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Equivalent Fractions

Maria's lesson plan for equivalent fractions.
by

Mandi Blagsvedt

on 15 November 2013

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Transcript of Equivalent Fractions

Amanda Blagsvedt
Unit Plan for Equivalent Fractions.
Students will learn equivalent fractions with 75% accuracy within the first quarter of her sixth grade school year as measured by the Comprehensive Assessment of Mathematics Strategies or CAMS.
Objective
Introduction to Equivalent Fractions
Maria and her classmates love playing games on computers. The students will work on a computer game that helps them explore equivalent fractions. The students will finish three five-minute rounds of the Tony's Fraction Shop Pizza game found at www.mrnussbaum.com/pizza_game/index.html. The game is a good introductory game to equivalent fractions and builds on the previously learned skill of adding fractions.
The students will need help with the directions of the game. Four students from the high school have agreed to play the games with the students in class for fifteen minutes or three games (each game is a timed five minute game). This means there are approximately 20 minutest to work on the dimes and nickles activities. The high school students said they will come early in case the students are able to play the game earlier.
The small group will go down to the cooking room that was previously used for consumer sciences to use the kitchens for cooking with equivalent fractions. The students are familiar with the kitchen because we cook often (becoming familiar with fractions, adding and subtracting fractions), and they love it so behaviors are minimal.
Time for cooking!
Maria and the small group of students will play fractions Go Fish.
Reinforce the Skills
References
Artley, A. (n.d.). Here is an idea called equivalent fraction go fish. Retrieved August 13, 2012 from http://www.lessonplanspage.com/mathequivalentfractiongofishidea56-htm/

Dart, L. (2000). Chocolate Zucchini Cake I. Retrieved August 4, 2012 from http://allrecipes.com/recipe/chocolate-zucchini-cake-i/

Google. (2012). Google images. Retrieved August 4, 2012 from images.google.com

MrNussbaum. (n.d.). Tony fraction's pizza shop. Retrieved August 7, 2012 from http://mrnussbaum.com/tonyfraction/.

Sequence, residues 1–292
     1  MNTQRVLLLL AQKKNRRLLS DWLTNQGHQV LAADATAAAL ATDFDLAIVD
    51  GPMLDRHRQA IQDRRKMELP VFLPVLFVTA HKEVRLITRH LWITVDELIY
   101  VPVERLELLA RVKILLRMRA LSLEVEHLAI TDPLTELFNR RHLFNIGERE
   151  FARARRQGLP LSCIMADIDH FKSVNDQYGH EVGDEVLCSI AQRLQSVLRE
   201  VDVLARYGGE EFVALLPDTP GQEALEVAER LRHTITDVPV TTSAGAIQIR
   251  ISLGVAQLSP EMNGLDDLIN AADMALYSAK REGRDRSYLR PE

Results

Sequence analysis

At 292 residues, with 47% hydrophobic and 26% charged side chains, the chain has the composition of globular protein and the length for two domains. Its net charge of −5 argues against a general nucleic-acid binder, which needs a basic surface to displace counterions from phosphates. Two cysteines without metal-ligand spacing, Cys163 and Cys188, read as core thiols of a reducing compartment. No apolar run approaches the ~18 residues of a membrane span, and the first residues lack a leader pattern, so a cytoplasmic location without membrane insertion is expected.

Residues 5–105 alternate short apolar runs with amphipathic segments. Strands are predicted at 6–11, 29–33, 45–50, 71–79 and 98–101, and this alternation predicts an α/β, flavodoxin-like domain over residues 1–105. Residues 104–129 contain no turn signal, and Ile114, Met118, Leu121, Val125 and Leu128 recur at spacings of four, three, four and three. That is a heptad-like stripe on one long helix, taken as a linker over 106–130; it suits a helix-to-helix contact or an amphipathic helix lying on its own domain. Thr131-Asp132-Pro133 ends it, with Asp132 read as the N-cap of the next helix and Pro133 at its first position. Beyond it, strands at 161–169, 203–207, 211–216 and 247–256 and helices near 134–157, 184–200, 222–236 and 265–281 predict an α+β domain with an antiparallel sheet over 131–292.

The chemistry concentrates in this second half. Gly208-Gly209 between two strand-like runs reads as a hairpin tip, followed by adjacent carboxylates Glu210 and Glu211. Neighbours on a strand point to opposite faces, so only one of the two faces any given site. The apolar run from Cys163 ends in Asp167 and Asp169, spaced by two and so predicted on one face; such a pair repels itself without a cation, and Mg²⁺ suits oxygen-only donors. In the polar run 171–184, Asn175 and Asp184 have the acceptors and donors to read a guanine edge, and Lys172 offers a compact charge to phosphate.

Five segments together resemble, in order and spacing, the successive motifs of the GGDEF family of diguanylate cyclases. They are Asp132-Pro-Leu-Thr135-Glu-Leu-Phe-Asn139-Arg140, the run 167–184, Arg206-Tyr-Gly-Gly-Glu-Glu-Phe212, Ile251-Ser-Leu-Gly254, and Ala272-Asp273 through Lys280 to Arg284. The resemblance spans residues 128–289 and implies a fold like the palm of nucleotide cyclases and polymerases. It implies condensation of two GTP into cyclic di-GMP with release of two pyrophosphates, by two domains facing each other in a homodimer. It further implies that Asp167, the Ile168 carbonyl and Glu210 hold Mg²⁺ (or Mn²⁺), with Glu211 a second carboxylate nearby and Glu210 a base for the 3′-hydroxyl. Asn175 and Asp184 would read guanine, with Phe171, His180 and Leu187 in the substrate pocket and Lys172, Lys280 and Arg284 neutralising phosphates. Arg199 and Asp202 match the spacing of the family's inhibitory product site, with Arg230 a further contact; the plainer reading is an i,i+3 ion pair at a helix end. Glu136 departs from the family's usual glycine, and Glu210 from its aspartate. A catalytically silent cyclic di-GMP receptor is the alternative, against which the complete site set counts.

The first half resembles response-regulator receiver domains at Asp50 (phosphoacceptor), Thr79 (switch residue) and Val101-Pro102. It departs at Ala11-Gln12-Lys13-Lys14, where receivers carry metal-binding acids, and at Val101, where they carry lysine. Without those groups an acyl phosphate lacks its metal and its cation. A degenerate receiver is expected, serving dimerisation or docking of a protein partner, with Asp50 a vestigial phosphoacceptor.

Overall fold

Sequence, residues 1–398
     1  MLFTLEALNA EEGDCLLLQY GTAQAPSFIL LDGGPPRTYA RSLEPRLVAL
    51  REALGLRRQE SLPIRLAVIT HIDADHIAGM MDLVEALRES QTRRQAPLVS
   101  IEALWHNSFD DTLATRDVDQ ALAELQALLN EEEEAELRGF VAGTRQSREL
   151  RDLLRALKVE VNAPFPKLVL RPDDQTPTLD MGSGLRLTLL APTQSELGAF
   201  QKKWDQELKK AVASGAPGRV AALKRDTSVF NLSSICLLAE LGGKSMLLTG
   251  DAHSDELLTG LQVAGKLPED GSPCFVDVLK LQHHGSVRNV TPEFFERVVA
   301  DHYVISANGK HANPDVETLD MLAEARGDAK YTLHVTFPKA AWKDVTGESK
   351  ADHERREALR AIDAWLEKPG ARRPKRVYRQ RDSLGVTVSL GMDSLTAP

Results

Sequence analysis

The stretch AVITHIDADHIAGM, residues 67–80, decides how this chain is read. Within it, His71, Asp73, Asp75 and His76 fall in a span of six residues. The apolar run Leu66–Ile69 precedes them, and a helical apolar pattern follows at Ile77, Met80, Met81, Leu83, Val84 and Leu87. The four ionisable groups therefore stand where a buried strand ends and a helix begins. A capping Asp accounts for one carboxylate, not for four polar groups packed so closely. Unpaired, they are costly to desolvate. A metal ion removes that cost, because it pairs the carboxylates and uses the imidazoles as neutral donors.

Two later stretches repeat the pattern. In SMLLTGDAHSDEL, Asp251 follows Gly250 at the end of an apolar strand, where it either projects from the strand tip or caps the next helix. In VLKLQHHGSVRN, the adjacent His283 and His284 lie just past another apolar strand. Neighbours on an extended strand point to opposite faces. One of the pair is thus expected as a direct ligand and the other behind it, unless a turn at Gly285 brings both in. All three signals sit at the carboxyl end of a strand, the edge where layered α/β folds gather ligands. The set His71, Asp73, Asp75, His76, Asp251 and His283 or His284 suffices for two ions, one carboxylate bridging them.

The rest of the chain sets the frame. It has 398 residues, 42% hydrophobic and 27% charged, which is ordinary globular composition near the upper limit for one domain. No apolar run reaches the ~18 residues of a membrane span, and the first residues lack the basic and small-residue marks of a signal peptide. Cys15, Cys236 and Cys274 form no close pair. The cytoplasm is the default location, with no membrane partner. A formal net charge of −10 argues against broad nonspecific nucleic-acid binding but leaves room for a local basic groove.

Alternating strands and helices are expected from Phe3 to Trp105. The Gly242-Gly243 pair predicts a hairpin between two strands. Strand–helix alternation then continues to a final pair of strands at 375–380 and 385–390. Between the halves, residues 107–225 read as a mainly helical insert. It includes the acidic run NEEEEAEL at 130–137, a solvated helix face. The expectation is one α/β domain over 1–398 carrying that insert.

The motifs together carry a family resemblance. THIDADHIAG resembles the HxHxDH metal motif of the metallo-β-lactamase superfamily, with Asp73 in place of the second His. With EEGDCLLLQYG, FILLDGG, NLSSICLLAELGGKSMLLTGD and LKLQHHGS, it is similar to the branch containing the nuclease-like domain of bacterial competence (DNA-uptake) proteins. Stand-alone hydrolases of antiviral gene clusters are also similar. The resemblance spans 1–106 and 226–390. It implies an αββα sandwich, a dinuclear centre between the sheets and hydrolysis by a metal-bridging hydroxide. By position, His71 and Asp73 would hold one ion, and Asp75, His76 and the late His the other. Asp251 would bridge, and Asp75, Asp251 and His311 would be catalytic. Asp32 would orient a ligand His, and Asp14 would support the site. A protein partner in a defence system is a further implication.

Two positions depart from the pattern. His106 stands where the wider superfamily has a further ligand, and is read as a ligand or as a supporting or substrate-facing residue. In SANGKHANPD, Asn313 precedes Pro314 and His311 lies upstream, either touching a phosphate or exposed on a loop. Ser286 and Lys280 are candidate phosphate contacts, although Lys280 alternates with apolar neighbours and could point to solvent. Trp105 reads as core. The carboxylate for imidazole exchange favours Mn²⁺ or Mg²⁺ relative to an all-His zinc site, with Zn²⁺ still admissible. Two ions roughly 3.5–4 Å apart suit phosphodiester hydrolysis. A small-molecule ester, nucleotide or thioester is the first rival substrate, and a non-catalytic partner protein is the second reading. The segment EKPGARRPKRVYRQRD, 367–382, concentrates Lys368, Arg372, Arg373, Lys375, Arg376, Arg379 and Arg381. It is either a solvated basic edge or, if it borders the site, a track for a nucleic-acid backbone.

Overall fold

Watch, Know, Learn (2009). Fundamental interactions of equivalent fractions retrieved August 6, 2012 from
http://watchknowlearn.org/Category.aspx?CategoryID=1966

VPGDEMO. (2010). Math songs equivalent fractions. Retrieved August 13, 2012 from
Frosting
2/6 C. butter
3/9 C. cocoa powder
24/12 C. powdered sugar
9/3 tbs. milk
1 and 8/16 tsp vanilla extract
Preparation
Directions
Ingredients
1st Step:
The dry ingredients are already out on the counter. Please leave them where they are. There are labels in front of every item. There are some labels without items. You need to match the items to the labels for easier organization. You will need to get these items from the refrigerator. The items you need are: a stick of butter, 2 eggs, small container of milk, and container of shredded zucchini (freezer bag). Go to the next card for a picture list of items you need.
Picture list:
Stick of of butter
2 eggs
Small container of milk
Zucchini- freezer bag
Lemon juice
Next:
Wash your hands.
Preheat the oven to 325 degrees
Measure out the ingredients using chart on the next card.
3/3 stick butter
2/4 cup vegetable oil
3/6 cup of milk
8/4 teaspoon lemon juice
5/5 teaspoon vanilla extract
4/2 cup sifted flour
7/7 teaspoon baking soda
4/8 teaspoon ground cinnamon
5/10 teaspoon ground cloves
6/12 teaspoon salt
8/2 tbs cocoa powder
1 cup and 6/8 cup sugar
2 cups plus 8/16 cups grated zucchini
2/8 cup chocolate chips
1. Pour the milk and the lemon juice in a small bowl. Set aside.
2. Mix the following ingredients into the large green bowl: sifted flour, baking soda, cocoa powder, ground cinnamon, ground cloves, and salt.
3. Cream the butter, vegetable oil, and sugar into the blue medium bowl.
4. put the eggs, sour milk (milk and lemon juice), and vanilla in with the butter mixture.
5. Put the ingredients from the medium blue bowl into the large green bowl. Stir the ingredients together in the green bowl. Put the blue bowl in the sink.
6. Mix the zucchini in the green bowl.
7. Mix the chocolate chips in the green bowl.
8. Spray the baking sheet with cooking spray.